Rosie Macpherson is a PhD student in Sociology. Here she describes the draw of the academics in the Sociology Department and how she has grown in confidence as a researcher and teacher.
I came to Surrey originally to do my MSc. I was choosing between a few universities, but my tutor at Roehampton University helped me to decide on Surrey when he excitedly grabbed from his shelf Researching Social Life, the essential textbook in this field written by academics in the Sociology Department here at Surrey. My tutor at Roehampton told me how amazing it would be to be taught by the authors of this book and how I would receive an incredibly valuable education from them during my MSc. He knew I wanted to do a PhD afterwards and said that an MSc at Surrey would put me in a very good position, both on my applications and for the actual doing of my PhD. I will be honest, I hadn’t even looked at the Surrey campus at that point, but just the pure excitement from him and the other academics who were there made me realise I must be on to something special!
When it came time to submit applications for PhD places whilst I was doing my MSc, I felt very strongly that I wanted to stay at Surrey. It had become a place that allowed me to flourish and develop as a researcher. I felt that Surrey would offer me so many opportunities throughout my PhD experience, including teaching, public speaking, and being part of an impressive team of academics. The reputation of the department was also a huge selling point as well as the reputation of the University as a whole.
Impressions of Surrey?
Having completed my undergraduate at a smaller university, I was at first overwhelmed by the size of the University, both in physical scale and academic impact. The combination between green spaces and buildings made it feel more comfortable and safer, and I was quickly able to explore the campus. Surrey feels like a tiny safe town and is somewhere I enjoy wandering around when I need to clear my head or get out in the fresh air.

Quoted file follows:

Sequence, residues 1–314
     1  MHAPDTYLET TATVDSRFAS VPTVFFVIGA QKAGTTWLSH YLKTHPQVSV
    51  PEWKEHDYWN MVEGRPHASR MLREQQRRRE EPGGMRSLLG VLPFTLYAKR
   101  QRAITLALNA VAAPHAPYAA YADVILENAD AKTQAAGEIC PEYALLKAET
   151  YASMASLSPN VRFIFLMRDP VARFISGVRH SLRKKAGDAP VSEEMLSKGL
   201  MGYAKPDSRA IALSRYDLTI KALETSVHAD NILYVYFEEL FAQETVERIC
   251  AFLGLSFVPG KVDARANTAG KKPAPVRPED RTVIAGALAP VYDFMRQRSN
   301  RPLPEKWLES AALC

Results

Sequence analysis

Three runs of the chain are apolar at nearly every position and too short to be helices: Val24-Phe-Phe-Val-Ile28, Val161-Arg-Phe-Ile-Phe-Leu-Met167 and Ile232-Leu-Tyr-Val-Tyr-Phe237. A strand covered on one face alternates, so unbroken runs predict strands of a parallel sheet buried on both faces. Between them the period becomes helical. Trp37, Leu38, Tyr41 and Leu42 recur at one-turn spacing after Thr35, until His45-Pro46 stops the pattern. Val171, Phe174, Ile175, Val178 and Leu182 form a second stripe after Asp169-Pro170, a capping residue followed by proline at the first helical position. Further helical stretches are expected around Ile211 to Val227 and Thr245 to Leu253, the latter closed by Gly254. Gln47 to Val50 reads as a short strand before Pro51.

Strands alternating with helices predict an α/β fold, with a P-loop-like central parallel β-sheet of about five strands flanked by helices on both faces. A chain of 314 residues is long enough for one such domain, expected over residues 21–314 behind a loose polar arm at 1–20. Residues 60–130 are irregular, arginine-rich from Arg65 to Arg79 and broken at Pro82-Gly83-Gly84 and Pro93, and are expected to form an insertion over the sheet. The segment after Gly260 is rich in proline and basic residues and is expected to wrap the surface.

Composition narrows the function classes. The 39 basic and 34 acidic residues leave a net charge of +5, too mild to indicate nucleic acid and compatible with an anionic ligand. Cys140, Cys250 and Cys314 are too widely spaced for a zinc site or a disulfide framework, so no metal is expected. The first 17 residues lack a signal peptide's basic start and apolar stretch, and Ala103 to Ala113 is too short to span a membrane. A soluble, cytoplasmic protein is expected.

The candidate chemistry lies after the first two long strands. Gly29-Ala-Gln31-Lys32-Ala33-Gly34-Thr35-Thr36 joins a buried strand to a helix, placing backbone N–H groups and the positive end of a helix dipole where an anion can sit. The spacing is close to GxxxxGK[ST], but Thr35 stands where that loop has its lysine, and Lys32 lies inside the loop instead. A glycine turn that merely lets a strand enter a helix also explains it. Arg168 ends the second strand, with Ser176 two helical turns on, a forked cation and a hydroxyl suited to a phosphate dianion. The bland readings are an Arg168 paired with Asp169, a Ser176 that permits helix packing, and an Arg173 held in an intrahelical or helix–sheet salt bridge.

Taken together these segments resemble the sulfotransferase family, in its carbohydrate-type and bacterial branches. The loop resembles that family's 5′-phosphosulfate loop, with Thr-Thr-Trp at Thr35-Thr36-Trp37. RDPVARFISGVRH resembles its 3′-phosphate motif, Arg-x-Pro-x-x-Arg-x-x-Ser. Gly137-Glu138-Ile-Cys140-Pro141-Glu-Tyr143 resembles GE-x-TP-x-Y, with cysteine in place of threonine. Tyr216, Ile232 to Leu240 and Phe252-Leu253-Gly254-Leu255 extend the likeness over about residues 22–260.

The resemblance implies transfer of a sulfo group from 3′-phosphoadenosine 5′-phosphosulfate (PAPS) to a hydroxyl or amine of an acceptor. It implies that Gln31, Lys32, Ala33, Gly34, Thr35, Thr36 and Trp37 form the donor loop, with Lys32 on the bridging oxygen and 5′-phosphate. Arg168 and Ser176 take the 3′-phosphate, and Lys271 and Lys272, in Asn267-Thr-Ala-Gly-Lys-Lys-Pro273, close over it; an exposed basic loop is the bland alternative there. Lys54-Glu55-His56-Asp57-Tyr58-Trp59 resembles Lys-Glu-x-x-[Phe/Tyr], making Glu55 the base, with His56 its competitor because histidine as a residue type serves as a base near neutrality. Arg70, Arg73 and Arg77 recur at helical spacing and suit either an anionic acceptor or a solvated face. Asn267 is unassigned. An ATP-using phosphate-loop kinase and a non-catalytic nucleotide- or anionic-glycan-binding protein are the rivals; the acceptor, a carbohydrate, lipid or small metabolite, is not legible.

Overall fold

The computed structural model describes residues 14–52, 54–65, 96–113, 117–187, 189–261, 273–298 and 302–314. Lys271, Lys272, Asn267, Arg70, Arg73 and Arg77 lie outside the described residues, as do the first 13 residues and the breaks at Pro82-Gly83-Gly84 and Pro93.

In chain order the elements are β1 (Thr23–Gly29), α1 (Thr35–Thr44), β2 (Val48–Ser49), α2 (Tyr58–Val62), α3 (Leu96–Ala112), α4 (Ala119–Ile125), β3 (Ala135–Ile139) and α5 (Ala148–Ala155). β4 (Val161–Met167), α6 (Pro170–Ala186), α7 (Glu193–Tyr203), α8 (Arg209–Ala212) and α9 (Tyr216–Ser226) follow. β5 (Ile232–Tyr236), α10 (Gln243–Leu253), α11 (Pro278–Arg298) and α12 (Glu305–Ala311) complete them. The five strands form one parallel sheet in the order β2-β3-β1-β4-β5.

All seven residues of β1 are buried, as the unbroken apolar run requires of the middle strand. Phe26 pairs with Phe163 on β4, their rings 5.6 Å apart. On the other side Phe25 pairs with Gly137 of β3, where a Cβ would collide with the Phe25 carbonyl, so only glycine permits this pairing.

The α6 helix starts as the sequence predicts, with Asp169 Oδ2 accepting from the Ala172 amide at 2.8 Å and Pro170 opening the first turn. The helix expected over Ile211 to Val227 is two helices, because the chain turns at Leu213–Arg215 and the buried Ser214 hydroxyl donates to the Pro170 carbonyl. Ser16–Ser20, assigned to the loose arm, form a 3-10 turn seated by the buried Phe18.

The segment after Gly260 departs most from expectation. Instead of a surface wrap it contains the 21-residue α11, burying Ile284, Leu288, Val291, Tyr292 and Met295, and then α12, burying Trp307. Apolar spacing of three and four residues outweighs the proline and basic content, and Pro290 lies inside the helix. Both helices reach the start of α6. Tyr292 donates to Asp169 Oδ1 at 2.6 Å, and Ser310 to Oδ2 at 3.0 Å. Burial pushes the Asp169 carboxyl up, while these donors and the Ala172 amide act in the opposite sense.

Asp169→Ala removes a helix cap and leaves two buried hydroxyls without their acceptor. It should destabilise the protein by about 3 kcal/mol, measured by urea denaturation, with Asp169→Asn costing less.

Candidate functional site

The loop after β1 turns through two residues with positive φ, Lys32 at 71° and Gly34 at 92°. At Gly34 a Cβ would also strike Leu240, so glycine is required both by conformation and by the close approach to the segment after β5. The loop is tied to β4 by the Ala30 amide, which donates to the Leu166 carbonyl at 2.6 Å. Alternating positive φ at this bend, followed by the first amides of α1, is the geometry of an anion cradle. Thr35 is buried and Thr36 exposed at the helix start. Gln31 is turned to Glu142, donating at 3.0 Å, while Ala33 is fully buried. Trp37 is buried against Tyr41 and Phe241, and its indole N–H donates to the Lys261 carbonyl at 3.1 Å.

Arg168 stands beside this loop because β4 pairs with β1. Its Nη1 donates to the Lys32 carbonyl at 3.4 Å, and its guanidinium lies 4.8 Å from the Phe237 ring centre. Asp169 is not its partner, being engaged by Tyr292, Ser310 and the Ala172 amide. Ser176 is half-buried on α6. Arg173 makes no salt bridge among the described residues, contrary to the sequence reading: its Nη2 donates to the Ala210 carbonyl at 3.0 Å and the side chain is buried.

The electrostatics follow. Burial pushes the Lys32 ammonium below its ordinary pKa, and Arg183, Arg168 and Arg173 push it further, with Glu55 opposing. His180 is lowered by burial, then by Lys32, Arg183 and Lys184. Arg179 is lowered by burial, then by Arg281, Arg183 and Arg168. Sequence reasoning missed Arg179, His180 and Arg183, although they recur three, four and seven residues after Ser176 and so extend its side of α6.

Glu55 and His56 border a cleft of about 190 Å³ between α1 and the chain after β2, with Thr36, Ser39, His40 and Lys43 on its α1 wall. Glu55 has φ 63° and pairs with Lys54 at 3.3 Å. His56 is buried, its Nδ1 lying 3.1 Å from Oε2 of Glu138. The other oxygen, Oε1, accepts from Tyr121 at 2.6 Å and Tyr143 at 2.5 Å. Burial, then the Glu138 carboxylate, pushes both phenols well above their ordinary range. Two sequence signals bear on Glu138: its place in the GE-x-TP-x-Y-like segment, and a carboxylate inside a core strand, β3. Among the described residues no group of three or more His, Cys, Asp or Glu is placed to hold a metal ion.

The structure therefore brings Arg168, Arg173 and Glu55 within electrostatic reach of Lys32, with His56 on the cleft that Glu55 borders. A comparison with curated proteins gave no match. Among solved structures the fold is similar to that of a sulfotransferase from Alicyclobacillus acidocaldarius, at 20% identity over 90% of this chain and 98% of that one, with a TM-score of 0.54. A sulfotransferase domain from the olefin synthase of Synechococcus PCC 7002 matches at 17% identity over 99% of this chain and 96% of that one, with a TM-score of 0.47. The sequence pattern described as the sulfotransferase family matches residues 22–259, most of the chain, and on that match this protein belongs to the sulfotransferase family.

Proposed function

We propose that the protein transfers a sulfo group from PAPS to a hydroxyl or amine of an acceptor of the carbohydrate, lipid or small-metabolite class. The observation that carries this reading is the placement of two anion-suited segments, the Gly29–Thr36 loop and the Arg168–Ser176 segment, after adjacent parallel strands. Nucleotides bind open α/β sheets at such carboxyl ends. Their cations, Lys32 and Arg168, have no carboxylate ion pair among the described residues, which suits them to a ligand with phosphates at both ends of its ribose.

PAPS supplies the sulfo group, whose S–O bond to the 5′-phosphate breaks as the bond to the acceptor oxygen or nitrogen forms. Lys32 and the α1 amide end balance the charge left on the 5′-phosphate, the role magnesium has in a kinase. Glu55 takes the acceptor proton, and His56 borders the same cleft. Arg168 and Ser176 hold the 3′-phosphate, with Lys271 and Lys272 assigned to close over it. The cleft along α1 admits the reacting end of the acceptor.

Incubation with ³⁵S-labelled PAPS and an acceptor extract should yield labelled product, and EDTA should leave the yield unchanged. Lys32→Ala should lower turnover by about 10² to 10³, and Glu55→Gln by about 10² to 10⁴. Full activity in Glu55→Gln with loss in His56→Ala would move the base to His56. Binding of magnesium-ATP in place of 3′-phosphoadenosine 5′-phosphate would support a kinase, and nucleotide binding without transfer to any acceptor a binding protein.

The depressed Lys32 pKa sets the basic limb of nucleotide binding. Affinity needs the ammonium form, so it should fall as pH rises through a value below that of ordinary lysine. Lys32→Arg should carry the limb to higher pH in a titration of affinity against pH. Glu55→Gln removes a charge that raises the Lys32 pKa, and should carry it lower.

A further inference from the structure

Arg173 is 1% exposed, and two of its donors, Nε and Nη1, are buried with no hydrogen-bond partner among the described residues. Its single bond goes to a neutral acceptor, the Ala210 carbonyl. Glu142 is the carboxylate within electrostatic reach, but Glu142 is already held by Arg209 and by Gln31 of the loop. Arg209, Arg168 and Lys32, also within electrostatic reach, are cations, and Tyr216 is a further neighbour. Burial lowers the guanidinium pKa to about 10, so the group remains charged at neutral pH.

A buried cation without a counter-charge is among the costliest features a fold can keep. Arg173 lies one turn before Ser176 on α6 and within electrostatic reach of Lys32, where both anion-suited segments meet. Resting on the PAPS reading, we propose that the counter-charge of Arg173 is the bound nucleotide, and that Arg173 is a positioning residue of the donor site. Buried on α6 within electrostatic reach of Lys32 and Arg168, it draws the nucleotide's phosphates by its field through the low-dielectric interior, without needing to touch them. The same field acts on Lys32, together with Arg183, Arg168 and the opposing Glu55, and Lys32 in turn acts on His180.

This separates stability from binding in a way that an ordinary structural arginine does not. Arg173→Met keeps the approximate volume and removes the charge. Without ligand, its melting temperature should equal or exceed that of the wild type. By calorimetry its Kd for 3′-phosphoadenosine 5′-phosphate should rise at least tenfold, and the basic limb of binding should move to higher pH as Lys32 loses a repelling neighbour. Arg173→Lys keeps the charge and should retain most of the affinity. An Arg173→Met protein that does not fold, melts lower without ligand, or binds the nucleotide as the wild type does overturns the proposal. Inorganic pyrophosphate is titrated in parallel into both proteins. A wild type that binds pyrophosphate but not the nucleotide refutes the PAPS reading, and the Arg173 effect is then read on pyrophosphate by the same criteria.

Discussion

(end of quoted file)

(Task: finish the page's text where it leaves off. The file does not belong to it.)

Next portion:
The research conducted by the University never ceases to amaze me, and I love that there are continuous opportunities to learn about what is going on outside of your own department. The ways in which the University engages across disciplines and levels of study/careers is brilliant, as it makes everyone feel part of something bigger and that what they are contributing is really valuable and part of a larger picture.
"The ways in which the University engages across disciplines and levels of study/careers is brilliant, as it makes everyone feel part of something bigger and that what they are contributing is really valuable and part of a larger picture"
I also find it wonderful how the local community are engaged with the University. As someone who also has a vested interest in the local community of Guildford (as a member of bar staff In a local pub), I love seeing mutually beneficial impacts being made beyond the campus boundary.
Why are you passionate about your subject?
I was inspired by my lecturers to pursue a PhD. I found social sciences fascinating and wanted to spend my career pursuing research that could help make people’s lives and experiences better. I enjoy the flexibility of academic work and could see myself being well-suited to an academic career. I have always really enjoyed the more theoretical aspect of sociology and research methods, and doing a PhD allowed me to apply what I had learnt and expand on my knowledge of these areas even further. I also really enjoy guiding my own learning and development.